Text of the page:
Lucknow, March 24: The Ayodhya temple tangle today took another turn with a litigant urging Allahabad High Court to put an immediate stop to digging at the disputed site and the Archaeological Survey of India pleading that it be given three months to complete the job.
At its first sitting since the special bench issued the excavation order, the court was asked by Mohammed Hashim Ansari to recall its March 8 directive. The ASI submitted its report on the first 10 days of digging to the court and requested that its one-month time limit be extended.
The Central Sunni Waqf Board took the middle ground, saying it found nothing wrong with the digging order but asked the court to reconstitute the excavation team and appoint a court nominee to be present at the site while the work was on.
After hearing the counsel for the parties, Justices Sudhir Narain, S. R. Alam and Bhanwar Singh reserved their order on the ASI request till tomorrow. They are yet to decide if Ansariís petition seeking a halt to excavation is admissible.
In its report, the ASI said it needed two more months to complete digging and another 15 days to file its report. The original order had asked it to complete the job in a month, starting March 12.
Ansari, the oldest living plaintiff in the Ayodhya case, has boycotted the excavation from the beginning. Efforts of the district administration to station him at the digging site have failed so far.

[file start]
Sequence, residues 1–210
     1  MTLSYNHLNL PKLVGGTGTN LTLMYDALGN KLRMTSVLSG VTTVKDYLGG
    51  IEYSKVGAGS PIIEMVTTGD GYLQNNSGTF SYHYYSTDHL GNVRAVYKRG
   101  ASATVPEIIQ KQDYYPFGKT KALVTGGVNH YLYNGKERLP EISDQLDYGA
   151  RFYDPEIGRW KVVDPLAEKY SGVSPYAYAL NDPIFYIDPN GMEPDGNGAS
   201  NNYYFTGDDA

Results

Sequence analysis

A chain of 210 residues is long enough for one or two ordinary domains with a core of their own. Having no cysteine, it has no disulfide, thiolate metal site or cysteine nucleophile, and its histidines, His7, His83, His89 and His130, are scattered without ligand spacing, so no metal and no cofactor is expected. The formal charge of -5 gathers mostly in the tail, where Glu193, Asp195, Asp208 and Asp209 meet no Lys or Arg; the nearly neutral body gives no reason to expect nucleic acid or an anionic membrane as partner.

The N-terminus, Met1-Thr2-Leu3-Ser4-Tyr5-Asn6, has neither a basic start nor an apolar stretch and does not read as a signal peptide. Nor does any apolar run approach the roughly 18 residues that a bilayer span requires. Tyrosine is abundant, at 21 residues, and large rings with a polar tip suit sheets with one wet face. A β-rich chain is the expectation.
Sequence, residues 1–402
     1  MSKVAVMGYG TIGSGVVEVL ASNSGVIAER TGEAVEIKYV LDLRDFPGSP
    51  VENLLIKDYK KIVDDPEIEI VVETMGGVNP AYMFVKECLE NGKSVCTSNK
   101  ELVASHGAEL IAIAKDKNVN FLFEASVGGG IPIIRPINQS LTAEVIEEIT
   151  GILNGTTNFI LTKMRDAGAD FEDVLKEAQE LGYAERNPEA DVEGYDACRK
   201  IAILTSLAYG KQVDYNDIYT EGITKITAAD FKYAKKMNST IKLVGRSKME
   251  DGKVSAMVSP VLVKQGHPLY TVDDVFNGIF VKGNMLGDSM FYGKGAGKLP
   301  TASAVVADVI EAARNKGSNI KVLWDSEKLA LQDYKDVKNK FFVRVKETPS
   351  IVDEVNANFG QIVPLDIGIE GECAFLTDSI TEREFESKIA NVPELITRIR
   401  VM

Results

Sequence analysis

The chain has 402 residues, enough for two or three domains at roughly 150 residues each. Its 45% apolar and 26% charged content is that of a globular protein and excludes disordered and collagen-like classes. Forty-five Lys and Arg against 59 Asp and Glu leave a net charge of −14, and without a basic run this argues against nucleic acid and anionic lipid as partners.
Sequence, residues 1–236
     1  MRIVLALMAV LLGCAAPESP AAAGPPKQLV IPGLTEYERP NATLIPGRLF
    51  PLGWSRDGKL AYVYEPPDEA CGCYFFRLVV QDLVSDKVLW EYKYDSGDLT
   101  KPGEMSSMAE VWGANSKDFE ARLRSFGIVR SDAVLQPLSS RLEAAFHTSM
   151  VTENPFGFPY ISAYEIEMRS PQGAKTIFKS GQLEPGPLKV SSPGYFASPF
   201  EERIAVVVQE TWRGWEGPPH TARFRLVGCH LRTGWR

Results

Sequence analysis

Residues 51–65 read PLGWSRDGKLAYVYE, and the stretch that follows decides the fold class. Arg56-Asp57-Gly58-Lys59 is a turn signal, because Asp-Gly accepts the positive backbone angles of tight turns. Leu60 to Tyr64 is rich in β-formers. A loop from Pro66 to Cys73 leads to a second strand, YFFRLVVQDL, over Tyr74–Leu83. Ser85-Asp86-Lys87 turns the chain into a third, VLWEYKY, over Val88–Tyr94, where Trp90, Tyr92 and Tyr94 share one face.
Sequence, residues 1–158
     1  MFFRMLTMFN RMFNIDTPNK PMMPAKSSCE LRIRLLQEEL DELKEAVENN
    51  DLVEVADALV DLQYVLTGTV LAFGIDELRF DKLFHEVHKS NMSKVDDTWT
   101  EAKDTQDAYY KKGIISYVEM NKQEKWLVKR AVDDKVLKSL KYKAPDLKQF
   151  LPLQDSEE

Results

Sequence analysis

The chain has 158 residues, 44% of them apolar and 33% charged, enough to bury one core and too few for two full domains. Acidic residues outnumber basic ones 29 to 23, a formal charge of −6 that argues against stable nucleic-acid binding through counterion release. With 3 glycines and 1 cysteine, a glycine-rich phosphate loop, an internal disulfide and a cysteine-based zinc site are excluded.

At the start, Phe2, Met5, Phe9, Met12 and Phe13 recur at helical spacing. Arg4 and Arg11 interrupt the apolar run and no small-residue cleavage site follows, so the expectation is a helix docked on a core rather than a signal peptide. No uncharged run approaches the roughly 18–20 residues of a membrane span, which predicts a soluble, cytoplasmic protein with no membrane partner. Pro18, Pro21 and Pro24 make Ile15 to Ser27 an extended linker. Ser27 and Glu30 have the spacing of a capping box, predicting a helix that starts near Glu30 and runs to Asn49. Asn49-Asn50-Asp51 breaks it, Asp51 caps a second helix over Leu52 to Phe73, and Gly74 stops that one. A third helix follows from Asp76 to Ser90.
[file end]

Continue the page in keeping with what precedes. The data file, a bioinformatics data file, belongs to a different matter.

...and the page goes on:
In his review petition, Ansari claimed that the excavation order not only violated the Supreme Courtís directive to maintain status quo at the disputed site, but amounted to desecration of a place where the Muslims had offered namaz for 400 years.
The petition added that a graveyard existed on the land around the Babri Masjid site and excavations would lead to exhumation of bodies.
In a separate petition, Central Sunni Waqf Board counsel Zafaryab Jilani objected to the composition of the 14-member ASI team, which included only one Muslim.
Jilani said that while seeking the views of the parties to the case on the proposed excavation in February 2002, the court had said the ASI would work under a panel of five eminent archaeologists of which at least two would be Muslims.
The petition also sought the appointment of a court nominee who would be present at the disputed site during the digging to ensure that the courtís directives were followed and the objections of parties were disposed of on the spot.
Apart from seeking the courtís directives on how the ASI should record its daily site notes and inventory lists in the presence of the parties, the Waqf board also wants the court to specify how deep the ASI should be allowed to dig.
ďSince all parties agree that the Babri masjid was built in the year 1528 A.D. and the opposite party claims that it was built after demolishing a Hindu temple standing on the site, there is no logic in the ASI digging for evidence prior to 16th century,Ē Jilani said.